Gentrification in New York City: A Deep Dive into its Impact on the Urban Landscape

The consequences of gentrification in New York City are far-reaching and have had a major effect on the urban landscape. From skyrocketing rent to the displacement of inhabitants, the decrease in neighborhood diversity, and the decline of small businesses, the city's metropolitan area is flourishing but its neighborhoods are facing a variety of forms of displacement. Low-income residents' wages and housing policies have not kept up with the rising house prices, leading to significant demographic changes in the 31-county tri-state region. Just a few blocks from RCI, on Broadway, was the old Metro Theater, originally Midtown, an art house that dates back to 1933 and was one of the oldest operating theaters in New York.

Mayor de Blasio has since announced a new plan that includes 1,100 apartments for low-income New Yorkers, which is a positive development but not yet enough to revive hundreds of family businesses. It is rumored that the city controlled commercial rents for eighteen years from 1945 to 1963. Although New York is home to what is estimated to be the largest population of homeless people in the United States, other cities in the top ten are also generally seen as “success stories”. Hudson Yards, which is now nearing completion, is an immense project spanning sixty blocks along Manhattan's West Side. It is “the largest private real estate development in the history of the United States and the largest development in New York City since Rockefeller Center” and is developed by Related Companies. The arrival of container ships would have meant the end of New York's hundreds of miles of active shoreline and thousands of jobs it provided, no matter how hard the city tried to keep them.

Starting with Central Park in 1980, much of New York's park system was taken over by privately funded “conserves” that were supposedly subservient to the city government but had immense power and paid for everything. The design of new subway stations was subcontracted to various stars in the modern art world, most of whom are unknown to most New Yorkers today. There has been a growing interest in urban green spaces and urban resilience lately. The idea that “the rent is too high” in New York has been so deeply ingrained in its conscience that it became a one-person political party and a Saturday Night Live sketch. What is happening to New York now is happening in every prosperous American city.

Governor Cuomo, a Democrat, rejected Mayor de Blasio's proposal for a special “millionaire tax” to fix public transportation and instead offered a “great transportation challenge” with a million dollar prize for anyone who could make trains arrive on time. Climate gentrification has become an important concept for exploring how climate change governance and people's awareness of rising sea levels will create new geographies of housing and urban inequalities. Even those who can afford New New York may not like it or have much control over it. New York has had some form of rent regulation since 1943 and today almost half its 966,000 apartments housing 2.5 million people have stabilized rent; they are in buildings with six or more units and tenants cannot be evicted or denied lease renewal without due cause and their rents cannot be increased by more than a certain amount each year by a panel appointed by the government. Gentrification has had an immense impact on New York City, from astronomical rent increases to displacement of residents, decrease in neighborhood diversity, and decline of small businesses. This article explored how this phenomenon has changed NYC's urban landscape over time and what can be done to address it.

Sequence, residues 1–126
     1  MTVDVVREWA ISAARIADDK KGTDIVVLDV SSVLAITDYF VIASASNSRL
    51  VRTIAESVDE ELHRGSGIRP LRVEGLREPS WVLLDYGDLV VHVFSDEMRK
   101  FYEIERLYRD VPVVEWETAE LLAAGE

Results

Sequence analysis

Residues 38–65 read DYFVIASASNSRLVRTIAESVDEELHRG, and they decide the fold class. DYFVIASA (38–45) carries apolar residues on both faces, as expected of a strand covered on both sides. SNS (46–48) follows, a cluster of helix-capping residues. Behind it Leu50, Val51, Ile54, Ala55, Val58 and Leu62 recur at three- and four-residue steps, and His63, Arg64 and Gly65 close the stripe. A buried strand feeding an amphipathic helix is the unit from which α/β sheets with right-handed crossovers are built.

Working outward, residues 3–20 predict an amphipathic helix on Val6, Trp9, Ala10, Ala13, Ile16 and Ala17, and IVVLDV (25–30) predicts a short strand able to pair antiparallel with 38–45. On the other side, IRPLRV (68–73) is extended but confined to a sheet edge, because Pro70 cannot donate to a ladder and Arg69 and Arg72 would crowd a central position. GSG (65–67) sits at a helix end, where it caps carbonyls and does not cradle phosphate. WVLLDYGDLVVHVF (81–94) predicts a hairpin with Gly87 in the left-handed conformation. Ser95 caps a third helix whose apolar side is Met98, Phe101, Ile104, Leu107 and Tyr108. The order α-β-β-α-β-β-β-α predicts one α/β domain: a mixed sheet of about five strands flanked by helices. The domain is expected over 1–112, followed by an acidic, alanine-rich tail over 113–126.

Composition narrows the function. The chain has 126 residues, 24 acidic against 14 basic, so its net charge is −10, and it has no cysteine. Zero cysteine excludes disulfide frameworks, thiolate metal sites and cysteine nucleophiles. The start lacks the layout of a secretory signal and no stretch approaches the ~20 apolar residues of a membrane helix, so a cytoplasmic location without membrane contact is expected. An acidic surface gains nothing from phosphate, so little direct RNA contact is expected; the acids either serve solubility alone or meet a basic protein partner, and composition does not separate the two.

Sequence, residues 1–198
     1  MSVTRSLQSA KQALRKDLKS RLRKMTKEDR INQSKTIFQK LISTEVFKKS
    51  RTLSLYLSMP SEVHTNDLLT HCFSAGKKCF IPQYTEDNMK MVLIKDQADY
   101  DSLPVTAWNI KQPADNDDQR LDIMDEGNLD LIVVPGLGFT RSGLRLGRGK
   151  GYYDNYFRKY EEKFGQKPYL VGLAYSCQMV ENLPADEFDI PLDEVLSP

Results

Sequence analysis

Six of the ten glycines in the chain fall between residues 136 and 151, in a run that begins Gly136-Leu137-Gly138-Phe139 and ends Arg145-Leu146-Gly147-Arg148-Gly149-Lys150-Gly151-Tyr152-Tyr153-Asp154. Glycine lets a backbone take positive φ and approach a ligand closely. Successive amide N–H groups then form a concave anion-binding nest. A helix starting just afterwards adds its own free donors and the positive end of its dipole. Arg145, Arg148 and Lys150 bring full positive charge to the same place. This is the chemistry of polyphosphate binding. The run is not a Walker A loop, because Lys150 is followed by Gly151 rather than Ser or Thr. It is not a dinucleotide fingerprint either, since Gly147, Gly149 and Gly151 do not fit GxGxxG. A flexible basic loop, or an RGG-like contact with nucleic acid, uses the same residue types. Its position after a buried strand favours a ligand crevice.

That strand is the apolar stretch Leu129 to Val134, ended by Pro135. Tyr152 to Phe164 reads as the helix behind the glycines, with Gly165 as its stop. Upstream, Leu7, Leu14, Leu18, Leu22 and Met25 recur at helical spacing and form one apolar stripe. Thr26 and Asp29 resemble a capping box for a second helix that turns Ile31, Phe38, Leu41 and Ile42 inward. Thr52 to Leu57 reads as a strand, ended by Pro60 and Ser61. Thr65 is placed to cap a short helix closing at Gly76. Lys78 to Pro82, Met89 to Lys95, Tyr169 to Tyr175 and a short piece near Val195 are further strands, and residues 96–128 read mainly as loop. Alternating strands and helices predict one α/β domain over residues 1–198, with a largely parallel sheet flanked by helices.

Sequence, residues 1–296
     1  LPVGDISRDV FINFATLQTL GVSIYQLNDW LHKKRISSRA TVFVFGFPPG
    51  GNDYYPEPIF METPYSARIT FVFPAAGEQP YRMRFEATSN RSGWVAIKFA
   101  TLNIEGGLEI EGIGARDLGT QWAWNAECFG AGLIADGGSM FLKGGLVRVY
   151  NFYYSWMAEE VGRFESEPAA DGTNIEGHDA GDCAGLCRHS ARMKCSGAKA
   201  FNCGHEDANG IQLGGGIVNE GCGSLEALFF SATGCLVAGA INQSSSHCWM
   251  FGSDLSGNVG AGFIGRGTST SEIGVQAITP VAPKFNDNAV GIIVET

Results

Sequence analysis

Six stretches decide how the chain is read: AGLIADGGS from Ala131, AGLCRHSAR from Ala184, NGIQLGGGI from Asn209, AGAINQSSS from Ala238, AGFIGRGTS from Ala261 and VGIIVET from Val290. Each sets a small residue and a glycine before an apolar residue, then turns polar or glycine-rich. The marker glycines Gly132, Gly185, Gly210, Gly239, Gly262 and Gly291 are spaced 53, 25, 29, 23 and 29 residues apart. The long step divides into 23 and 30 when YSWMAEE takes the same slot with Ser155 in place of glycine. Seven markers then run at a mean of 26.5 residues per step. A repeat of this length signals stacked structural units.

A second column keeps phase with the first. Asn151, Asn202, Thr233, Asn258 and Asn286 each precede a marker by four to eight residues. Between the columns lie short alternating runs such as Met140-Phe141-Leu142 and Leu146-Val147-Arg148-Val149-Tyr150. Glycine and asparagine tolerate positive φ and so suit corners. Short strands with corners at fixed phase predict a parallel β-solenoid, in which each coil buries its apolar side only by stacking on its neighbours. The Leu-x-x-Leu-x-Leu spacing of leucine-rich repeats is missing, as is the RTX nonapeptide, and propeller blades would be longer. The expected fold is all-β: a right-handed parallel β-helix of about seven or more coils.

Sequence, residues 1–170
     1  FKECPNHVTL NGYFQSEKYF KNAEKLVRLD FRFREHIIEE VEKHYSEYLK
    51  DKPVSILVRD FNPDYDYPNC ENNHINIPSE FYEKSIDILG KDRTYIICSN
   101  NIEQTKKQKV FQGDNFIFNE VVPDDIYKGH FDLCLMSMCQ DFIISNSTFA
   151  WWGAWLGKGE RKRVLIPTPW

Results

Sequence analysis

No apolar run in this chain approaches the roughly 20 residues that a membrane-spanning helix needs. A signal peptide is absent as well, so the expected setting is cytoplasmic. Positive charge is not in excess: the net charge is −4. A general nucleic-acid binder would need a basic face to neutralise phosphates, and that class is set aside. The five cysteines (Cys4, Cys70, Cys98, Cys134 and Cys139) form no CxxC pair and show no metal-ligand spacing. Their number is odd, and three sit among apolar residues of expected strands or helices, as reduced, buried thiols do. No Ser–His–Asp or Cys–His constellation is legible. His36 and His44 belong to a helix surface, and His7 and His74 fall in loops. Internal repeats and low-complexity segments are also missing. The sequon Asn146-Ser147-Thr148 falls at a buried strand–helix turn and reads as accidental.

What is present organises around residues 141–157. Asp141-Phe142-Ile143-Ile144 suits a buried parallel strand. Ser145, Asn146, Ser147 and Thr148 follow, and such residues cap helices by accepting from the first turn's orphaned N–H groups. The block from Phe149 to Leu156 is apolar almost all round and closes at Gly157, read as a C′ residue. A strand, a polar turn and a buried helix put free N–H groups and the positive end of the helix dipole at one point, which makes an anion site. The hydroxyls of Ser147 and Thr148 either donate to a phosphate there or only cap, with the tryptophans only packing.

From Mayor de Blasio's plan for low-income housing to Governor Cuomo's transportation challenge, there are some positive developments that could help revive family businesses and reduce inequality. However, climate gentrification could create new geographies of housing and urban inequalities if people's awareness of rising sea levels continues to increase.

Beatrice Flesher
Beatrice Flesher

Professional web geek. Passionate food scholar. Subtly charming twitter practitioner. Amateur travel junkie. Certified beer junkie. Hardcore foodaholic.

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